I still remember the first time I ate fresh peas, right from the garden. I can’t tell you how old I was but I can tell you that I was young enough to run barefoot through the grass, climb trees, and play make believe; young enough that I had never stopped to consider where food comes from our how it ends up on our plates.
That’s how my Uncle Mark captured my attention that day: he asked me if I wanted to taste something from the garden.
Up until that point, most of the vegetables I had eaten were frozen, canned, or dehydrated (and mixed into boxes of ready-to-cook rice). In fact, the only fresh vegetables that I remember eating as a child are iceburg lettuce, beefsteak tomatoes, and green bell peppers. So, when my uncle called me over to his garden, hand outstretched, I was curious.
I sprinted across the back yard to look at the single green pod in the palm of his hand. He started to explain that the entire pod was edible but before he could finish his sentence I took a bite.
That was the first time that I remember liking peas. And, not just enjoying them but really savoring how crisp, sweet, and grassy a garden-fresh vegetable could be. Though it would still be many years before I learned of the farm-to-table movement I consider this my informal introduction; my first garden-to-gastronome experience, if you will.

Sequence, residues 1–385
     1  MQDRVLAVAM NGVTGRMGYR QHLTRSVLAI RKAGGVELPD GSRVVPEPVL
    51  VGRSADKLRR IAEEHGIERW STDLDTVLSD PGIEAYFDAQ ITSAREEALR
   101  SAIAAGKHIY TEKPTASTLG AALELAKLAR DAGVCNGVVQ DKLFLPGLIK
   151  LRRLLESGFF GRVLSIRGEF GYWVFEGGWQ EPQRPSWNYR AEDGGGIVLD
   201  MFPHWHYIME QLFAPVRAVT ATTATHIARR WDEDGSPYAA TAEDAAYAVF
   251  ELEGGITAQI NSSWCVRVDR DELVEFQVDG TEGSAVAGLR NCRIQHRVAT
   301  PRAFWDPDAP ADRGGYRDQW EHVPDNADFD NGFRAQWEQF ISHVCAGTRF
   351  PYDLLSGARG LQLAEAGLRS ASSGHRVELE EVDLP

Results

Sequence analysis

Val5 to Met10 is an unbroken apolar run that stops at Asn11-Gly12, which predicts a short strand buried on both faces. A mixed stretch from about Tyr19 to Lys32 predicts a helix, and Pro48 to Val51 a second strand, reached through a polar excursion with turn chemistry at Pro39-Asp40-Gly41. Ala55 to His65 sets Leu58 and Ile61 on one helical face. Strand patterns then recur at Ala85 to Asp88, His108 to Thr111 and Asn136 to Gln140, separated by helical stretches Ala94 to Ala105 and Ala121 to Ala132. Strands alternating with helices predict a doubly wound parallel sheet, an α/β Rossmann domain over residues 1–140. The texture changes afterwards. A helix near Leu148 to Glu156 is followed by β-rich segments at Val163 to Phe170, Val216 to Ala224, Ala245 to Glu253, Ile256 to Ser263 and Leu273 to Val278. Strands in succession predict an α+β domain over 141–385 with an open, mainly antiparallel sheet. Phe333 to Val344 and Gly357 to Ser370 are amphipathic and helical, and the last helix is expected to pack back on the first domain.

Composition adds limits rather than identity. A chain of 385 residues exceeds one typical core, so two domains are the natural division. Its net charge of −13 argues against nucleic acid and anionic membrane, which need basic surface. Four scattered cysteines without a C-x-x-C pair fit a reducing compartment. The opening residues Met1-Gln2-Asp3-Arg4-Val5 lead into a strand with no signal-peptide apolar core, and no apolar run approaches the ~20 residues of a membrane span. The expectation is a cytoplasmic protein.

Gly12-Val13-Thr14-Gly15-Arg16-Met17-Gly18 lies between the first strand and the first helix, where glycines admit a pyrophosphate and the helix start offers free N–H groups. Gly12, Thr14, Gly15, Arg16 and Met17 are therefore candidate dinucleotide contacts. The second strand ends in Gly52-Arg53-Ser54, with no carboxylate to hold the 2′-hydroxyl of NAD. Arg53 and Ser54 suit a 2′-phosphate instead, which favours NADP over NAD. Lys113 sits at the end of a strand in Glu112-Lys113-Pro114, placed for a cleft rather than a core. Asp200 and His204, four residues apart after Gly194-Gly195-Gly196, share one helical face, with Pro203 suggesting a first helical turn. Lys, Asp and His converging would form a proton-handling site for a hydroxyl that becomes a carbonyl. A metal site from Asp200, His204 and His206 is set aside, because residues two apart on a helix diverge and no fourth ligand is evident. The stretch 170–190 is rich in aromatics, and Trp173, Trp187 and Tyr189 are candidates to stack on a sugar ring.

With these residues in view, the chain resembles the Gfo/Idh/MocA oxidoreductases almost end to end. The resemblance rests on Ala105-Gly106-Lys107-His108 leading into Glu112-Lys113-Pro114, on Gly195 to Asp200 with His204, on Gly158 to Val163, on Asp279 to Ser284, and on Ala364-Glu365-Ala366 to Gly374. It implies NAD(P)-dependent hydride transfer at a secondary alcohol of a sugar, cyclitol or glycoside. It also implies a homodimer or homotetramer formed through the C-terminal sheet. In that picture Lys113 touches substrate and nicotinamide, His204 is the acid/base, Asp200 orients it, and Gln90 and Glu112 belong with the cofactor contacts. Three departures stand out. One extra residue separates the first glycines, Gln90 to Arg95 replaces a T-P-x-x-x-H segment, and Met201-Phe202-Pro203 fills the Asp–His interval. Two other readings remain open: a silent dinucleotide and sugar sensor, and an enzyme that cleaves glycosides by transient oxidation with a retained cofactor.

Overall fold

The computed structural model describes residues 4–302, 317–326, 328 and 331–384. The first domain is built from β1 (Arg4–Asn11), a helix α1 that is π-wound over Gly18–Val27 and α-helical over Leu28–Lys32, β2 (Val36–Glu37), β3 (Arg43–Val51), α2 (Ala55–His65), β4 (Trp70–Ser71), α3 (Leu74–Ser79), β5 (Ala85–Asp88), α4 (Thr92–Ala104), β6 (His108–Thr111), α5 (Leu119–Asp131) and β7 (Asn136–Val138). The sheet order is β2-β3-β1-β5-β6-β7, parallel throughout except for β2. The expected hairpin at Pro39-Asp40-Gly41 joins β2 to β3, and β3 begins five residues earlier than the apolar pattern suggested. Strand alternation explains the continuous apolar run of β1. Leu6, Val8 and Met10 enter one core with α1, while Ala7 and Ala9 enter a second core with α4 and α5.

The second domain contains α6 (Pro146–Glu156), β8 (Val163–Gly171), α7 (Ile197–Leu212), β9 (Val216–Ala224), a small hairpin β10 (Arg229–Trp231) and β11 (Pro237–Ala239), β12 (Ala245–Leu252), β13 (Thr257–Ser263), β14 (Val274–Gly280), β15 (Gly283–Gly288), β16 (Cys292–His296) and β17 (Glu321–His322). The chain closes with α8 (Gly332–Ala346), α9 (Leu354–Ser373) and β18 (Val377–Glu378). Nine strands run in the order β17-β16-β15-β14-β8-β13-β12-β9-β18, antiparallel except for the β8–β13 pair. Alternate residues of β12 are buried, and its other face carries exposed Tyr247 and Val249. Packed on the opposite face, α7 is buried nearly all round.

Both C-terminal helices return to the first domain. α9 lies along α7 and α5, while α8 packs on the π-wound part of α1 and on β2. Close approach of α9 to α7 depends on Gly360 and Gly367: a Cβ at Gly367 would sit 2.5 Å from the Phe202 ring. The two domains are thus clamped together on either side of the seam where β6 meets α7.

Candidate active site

To taste fresh food is a simple idea, but one that is powerful enough to inspire a recipe more than 20 years later. Effortlessly delicious (just likethat first bite of garden peas), this dip is every bit as bright, vibrant, and memorable as what I tasted that day.
English Pea & Parsley Dip
1½ cups shelled English peas, gently steamed and cooled
1 cup shelled edamame, gently steamed and cooled
2 cloves garlic, peeled
Juice of 2 small lemons
1½ tsp ground coriander
½ tsp sea salt
½ cup fresh parsley leaves
Up to ¼ cup olive oil, divided
Crisps, crudités, or crackers, for serving
Put all of the ingredients except the olive oil into a food processor. Add a few tablespoons of olive oil and pulse to combine. Then, with the food processor running, slowly pour in more olive, until you reach the desired consistency. Serve or store airtight in the refrigerator for up to 4 days.